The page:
Children and Lyme: Elizabeth

StillASouthernGal makes no assumption of authorship or creative materials ownership.
All Rights Reserved and Retained by Original Poster
Originally Posted HERE

Elizabeth’s story, from our friends and neighbors at Georgia Lyme Disease Association:

“My name is Elizabeth Williams. I’m 18 years old and live with Chronic Lyme Disease. I have lived in Georgia all of my life and currently live in the Vidalia area. Even though I can’t be one hundred percent sure, I believe that I contracted Lyme after a fishing trip when I was five. Shortly afterwards, we found a tick embedded in my back. After removing it, we didnt even think of Lyme.

I am not sure exactly when I started to notice symptoms, but remember always feeling different than everyone else. One symptom I had was stomach problems the pain would not seem to go away. I went to a few doctors and they said it was possibly gas, ulcers, acid reflux, or celiac disease. I also remember having muscle and bone pain that everyone said was growing pains. I asked my doctor about this and he brushed it off as the same thing. Another problem was with my hands: they were always blotchy and freezing. It was very uncomfortable because people would always say things about them and ask questions. These symptoms never had an answer; I just figured that this was the way I was.

When I was 15, I started having nausea and fatigue that came on quickly. Other symptoms followed – throat problems and pain, fast heartbeat, dizziness, ringing, humming and pain in ears, headaches, muscle and joint pain, brain fog/confusion, trouble concentrating. These are most of them, not counting the others I mentioned.

It seemed like I was always going to doctor after doctor. The doctors I saw were smart, and most of them were very nice, but they had no idea what was going on. It did not help that all the tests they ran came back negative. One doctor I went to suggested that I may have Chronic Fatigue Syndrome or fibromyalgia and told me to check it out. After learning more about it, we set up an appointment with a well-known and well-respected rheumatologist. After ruling out lupus, she made a diagnosis of fibromyalgia. I was so relieved and ready to start getting better. However, it did not take long for me to start second-guessing this diagnosis. After doing much research, I found that fibromyalgia seemed more like a symptom or syndrome than a disease itself. Something just did not seem right, it didnt click. I knew that whatever I had was even more serious.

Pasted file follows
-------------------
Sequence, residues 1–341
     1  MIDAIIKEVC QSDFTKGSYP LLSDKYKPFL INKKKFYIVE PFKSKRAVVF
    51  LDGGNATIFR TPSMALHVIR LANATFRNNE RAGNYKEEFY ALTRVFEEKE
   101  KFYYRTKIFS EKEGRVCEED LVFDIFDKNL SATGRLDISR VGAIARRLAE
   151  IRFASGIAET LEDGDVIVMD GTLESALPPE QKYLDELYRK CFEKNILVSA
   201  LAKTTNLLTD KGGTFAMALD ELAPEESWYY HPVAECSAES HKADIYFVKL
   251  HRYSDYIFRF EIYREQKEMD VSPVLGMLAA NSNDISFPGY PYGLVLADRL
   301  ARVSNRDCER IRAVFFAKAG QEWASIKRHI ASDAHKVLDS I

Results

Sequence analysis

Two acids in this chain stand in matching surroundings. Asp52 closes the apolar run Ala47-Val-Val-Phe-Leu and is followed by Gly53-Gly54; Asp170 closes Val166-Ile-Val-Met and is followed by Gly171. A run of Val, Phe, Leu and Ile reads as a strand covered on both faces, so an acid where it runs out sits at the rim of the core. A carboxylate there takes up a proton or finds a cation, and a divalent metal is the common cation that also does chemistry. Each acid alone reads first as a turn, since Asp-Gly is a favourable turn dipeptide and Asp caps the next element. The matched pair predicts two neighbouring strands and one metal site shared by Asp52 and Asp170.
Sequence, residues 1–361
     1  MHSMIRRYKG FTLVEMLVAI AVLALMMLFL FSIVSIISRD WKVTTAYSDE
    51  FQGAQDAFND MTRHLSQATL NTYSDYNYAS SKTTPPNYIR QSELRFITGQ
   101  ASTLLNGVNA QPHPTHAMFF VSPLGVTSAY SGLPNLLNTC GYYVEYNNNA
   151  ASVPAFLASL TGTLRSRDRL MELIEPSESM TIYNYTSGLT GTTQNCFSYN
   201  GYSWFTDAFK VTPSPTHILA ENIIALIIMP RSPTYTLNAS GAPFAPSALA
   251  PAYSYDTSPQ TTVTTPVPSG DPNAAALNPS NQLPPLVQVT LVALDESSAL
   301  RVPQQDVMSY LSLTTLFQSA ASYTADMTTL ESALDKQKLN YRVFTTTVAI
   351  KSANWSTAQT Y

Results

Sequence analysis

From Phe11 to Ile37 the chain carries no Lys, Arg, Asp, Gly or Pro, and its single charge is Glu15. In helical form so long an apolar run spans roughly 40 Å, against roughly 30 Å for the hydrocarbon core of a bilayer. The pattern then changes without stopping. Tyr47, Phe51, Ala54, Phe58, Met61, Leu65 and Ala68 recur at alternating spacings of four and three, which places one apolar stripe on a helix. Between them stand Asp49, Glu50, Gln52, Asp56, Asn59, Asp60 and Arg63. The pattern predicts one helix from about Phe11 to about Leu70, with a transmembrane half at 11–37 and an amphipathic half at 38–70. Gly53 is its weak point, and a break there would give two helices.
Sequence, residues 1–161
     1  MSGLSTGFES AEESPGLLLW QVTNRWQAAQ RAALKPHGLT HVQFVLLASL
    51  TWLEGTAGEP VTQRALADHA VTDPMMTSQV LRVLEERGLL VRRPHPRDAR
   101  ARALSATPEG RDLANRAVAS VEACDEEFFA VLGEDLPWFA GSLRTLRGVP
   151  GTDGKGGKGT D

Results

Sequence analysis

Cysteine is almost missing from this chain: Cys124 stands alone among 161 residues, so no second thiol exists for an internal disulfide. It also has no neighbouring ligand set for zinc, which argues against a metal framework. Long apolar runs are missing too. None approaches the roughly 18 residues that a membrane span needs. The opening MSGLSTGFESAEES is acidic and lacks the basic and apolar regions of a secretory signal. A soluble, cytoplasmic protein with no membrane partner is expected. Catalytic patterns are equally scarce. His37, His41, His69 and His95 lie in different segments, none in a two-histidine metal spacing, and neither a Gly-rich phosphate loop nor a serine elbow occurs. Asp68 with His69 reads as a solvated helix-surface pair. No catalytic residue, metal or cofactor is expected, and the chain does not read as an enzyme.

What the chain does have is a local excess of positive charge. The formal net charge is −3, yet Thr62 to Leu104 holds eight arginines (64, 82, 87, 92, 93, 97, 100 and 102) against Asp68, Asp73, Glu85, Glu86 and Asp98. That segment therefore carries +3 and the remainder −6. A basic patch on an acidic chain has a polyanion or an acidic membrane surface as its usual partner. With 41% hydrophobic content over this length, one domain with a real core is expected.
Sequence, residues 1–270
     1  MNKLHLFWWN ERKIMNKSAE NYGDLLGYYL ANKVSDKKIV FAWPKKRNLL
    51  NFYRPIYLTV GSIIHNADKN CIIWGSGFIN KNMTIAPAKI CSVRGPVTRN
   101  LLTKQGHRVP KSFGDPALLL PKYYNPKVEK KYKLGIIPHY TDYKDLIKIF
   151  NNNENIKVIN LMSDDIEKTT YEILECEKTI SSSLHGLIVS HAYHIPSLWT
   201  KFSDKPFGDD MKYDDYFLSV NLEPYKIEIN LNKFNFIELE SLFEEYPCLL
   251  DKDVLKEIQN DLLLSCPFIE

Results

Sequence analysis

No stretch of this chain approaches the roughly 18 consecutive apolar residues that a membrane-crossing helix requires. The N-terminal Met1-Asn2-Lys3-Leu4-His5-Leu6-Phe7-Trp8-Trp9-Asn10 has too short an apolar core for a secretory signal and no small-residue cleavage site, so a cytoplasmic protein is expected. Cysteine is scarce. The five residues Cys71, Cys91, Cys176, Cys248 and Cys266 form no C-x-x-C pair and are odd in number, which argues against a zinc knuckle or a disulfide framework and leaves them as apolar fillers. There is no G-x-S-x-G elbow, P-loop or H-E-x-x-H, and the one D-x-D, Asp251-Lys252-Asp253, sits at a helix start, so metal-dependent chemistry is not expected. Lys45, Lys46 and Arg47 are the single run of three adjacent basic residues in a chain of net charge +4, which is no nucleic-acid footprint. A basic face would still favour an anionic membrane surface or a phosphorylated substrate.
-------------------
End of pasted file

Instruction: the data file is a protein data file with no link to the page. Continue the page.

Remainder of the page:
My mom started searching the Internet with my symptoms and learned about Lyme disease. After I read about it, I KNEW that this was what had to be wrong with me! We asked my rheumatologist about it, and she said that it was nearly impossible because Lyme was not really in Georgia. She then told me about a study that the CDC was conducting. The only reason that I wanted to do it was because she thought that participants might be tested for Lyme disease. However, once I was in the study, I asked them about the Lyme test, and they said that there was not one! To this day, they cant find my results from that study.

We were convinced that I had Lyme disease so we found a Lyme-literate doctor and made an appointment. He spent around an hour with us and was extremely thorough. He made a clinical diagnosis of Lyme disease. I later tested positive by Western Blot. He strongly suspected that I had Bartonella and Babesia, too. Because it was untreated for years, I now have to be on antibiotics for a long time, and it may take a while for me to get better.

Now that I look back, everything makes sense. Every symptom that I thought was crazy is just typical of Lyme. If I had just seen one pamphlet or one TV program about Chronic Lyme Disease, I know that I would have figured all of this out earlier. That would have saved me a lot of trouble. That is why Lyme disease awareness is so important to me, and I will continue to tell my story whenever I can.”


SouthernGal here… I chose Elizabeth’s testimony because it is similar to my own. Tick bite at a very young age. Nonspecific, multi-system involvement, worsening symptoms over several years, and lack of general information within the medical community. It’s difficult facing Chronic Lyme as an adult. Young people such as Elizabeth must have personal strength and a diligent family support system. I will continue to share her story, and others, while I wait and pray for changes WITHIN the system.